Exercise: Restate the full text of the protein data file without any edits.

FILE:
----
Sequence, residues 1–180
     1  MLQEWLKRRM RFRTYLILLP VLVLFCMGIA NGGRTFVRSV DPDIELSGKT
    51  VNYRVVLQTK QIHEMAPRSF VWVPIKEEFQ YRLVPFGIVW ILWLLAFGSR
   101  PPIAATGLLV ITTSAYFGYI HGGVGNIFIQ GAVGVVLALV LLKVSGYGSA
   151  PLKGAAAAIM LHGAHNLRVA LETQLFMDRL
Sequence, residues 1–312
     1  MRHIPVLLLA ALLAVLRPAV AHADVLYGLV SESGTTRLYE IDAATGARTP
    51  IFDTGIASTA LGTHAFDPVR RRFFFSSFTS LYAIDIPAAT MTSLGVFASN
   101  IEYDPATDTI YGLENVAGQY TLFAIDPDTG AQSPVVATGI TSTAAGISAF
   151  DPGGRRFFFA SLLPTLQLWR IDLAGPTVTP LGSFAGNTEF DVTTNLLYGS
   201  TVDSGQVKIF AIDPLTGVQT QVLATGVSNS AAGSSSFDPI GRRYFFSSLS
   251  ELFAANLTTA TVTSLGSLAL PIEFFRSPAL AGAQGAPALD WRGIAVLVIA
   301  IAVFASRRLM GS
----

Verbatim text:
Sequence, residues 1–180
     1  MLQEWLKRRM RFRTYLILLP VLVLFCMGIA NGGRTFVRSV DPDIELSGKT
    51  VNYRVVLQTK QIHEMAPRSF VWVPIKEEFQ YRLVPFGIVW ILWLLAFGSR
   101  PPIAATGLLV ITTSAYFGYI HGGVGNIFIQ GAVGVVLALV LLKVSGYGSA
   151  PLKGAAAAIM LHGAHNLRVA LETQLFMDRL
Sequence, residues 1–312
     1  MRHIPVLLLA ALLAVLRPAV AHADVLYGLV SESGTTRLYE IDAATGARTP
    51  IFDTGIASTA LGTHAFDPVR RRFFFSSFTS LYAIDIPAAT MTSLGVFASN
   101  IEYDPATDTI YGLENVAGQY TLFAIDPDTG AQSPVVATGI TSTAAGISAF
   151  DPGGRRFFFA SLLPTLQLWR IDLAGPTVTP LGSFAGNTEF DVTTNLLYGS
   201  TVDSGQVKIF AIDPLTGVQT QVLATGVSNS AAGSSSFDPI GRRYFFSSLS
   251  ELFAANLTTA TVTSLGSLAL PIEFFRSPAL AGAQGAPALD WRGIAVLVIA
   301  IAVFASRRLM GS